Gyrovector space

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A gyrovector space is a mathematical concept proposed by Abraham A. Ungar for studying hyperbolic geometry in analogy to the way vector spaces are used in Euclidean geometry.[1] Ungar introduced the concept of gyrovectors that have addition based on gyrogroups instead of vectors which have addition based on groups. Ungar developed his concept as a tool for the formulation of special relativity as an alternative to the use of Lorentz transformations to represent compositions of velocities (also called boosts - "boosts" are aspects of relative velocities, and should not be conflated with "translations"). This is achieved by introducing "gyro operators"; two 3d velocity vectors are used to construct an operator, which acts on another 3d velocity.


Gyrogroups are weakly-associative-grouplike-structure. Ungar proposed the term gyrogroup was for what he called a gyrocommutative-gyrogroup with the term gyrogroup being reserved for the non-gyrocommutative case in analogy with groups vs commutative-groups. Gyrogroups are a type of Bol loop. Gyrocommutative gyrogroups are equivalent to K-loops[2] although defined differently. The terms Bruck loop[3] and dyadic symset[4] are also in use.

Mathematics of gyrovector spaces[edit]



A groupoid (G, ) is a gyrogroup if its binary operation satisfies the following axioms:

  1. In G there is at least one element 0 called a left identity with 0a = a for all a ∈ G.
  2. For each a ∈ G there is an element a in G called a left inverse of a with aa = 0.
  3. For any a, b, c in G there exists a unique element gyr[ab]c in G such that the binary operation obeys the left gyroassociative law: a(bc) = (ab)gyr[ab]c
  4. The map gyr[ab]:GG given by c → gyr[ab]c is an automorphism of the groupoid (G, ). That is gyr[ab] is a member of Aut(G, ) and the automorphism gyr[ab] of G is called the gyroautomorphism of G generated by ab in G. The operation gyr:G × G → Aut(G) is called the gyrator of G.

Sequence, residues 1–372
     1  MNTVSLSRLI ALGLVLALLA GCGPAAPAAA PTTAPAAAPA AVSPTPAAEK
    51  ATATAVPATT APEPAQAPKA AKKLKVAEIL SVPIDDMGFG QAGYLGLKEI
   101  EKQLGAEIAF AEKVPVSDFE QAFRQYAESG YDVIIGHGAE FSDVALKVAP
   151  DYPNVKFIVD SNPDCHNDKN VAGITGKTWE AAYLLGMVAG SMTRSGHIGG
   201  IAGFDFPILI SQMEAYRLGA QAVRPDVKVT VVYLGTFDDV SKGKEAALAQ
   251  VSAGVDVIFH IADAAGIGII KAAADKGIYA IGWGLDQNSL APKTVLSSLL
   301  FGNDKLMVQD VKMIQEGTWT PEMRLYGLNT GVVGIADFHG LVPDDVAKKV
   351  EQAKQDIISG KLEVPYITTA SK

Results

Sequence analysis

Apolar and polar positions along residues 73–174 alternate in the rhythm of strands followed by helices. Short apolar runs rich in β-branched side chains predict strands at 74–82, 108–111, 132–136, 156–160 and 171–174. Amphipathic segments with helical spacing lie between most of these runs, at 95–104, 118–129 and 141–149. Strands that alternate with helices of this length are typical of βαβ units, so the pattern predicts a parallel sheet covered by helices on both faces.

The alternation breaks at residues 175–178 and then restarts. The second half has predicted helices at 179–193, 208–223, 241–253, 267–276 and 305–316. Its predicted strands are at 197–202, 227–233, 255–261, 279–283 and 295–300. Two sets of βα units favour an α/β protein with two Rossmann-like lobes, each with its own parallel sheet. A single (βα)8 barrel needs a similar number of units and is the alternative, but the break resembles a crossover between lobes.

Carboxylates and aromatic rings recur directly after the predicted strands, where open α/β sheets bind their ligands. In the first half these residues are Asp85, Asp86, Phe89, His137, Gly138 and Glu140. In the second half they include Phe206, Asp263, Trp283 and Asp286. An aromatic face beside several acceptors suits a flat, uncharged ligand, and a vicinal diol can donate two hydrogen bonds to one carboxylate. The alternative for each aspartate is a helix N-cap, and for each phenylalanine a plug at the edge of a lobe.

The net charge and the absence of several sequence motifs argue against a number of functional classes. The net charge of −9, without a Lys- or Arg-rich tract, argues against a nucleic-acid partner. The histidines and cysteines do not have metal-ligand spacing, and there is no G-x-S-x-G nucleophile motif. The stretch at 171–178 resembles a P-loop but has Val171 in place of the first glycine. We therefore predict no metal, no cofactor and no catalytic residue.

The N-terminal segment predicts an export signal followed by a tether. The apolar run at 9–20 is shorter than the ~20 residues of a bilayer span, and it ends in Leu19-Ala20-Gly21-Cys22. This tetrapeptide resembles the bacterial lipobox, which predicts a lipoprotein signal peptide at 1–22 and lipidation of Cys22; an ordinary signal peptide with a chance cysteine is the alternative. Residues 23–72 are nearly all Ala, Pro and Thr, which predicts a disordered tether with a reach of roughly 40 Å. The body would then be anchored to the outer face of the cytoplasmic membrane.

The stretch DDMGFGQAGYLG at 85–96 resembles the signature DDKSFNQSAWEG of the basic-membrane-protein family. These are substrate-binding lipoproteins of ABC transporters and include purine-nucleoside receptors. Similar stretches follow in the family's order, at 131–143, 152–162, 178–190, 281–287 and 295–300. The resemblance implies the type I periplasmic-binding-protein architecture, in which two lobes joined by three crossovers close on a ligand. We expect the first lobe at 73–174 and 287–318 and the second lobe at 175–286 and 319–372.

5. The gyroautomorphism gyr[ab] has the left loop property gyr[ab] = gyr[abb]

The first pair of axioms are like the group axioms. The last pair present the gyrator axioms and the middle axiom links the two pairs.

Since a gyrogroup has inverses and an identity it qualifies as a quasigroup and a loop.

Gyrogroups are a generalization of groups. Every group is an example of a gyrogroup with gyr defined as the identity map.

An example of a finite gyrogroup is given in.[5]


Some identities which hold in any gyrogroup (G,):

  1. (gyration)
  2. (left associativity)
  3. (right associativity)

More identities given on page 50 of.[6]


A gyrogroup (G,) is gyrocommutative if its binary operation obeys the gyrocommutative law: a b = gyr[a, b](b a). For relativistic velocity addition, this formula showing the role of rotation relating a+b and b+a was published in 1914 by Ludwik Silberstein[7][8]


In every gyrogroup, a second operation can be defined called coaddition: a b = a gyr[a,b]b for all a, b  ∈  G. Coaddition is commutative if the gyrogroup addition is gyrocommutative.

Beltrami–Klein disc/ball model and Einstein addition[edit]

Relativistic velocities can be considered as points in the Beltrami–Klein model of hyperbolic geometry and so vector addition in the Beltrami–Klein model can be given by the velocity addition formula. In order for the formula to generalize to vector addition in hyperbolic space of dimensions greater than 3, the formula must be written in a form that avoids use of the cross product in favour of the dot product.

In the general case, the Einstein velocity addition of two velocities and is given in coordinate-independent form as:

where is the gamma factor given by the equation .

Using coordinates this becomes:

where .

Einstein velocity addition is commutative and associative only when and are parallel. In fact


where "gyr" is the mathematical abstraction of Thomas precession into an operator called Thomas gyration and given by

for all w. Thomas precession has an interpretation in hyperbolic geometry as the negative hyperbolic triangle defect.

Lorentz transformation composition[edit]

If the 3 × 3 matrix form of the rotation applied to 3-coordinates is given by gyr[u,v], then the 4 × 4 matrix rotation applied to 4-coordinates is given by:


The composition of two Lorentz boosts B(u) and B(v) of velocities u and v is given by:[9][10]

This fact that either B(uv) or B(vu) can be used depending whether you write the rotation before or after explains the velocity composition paradox.

The composition of two Lorentz transformations L(u,U) and L(v,V) which include rotations U and V is given by:[11]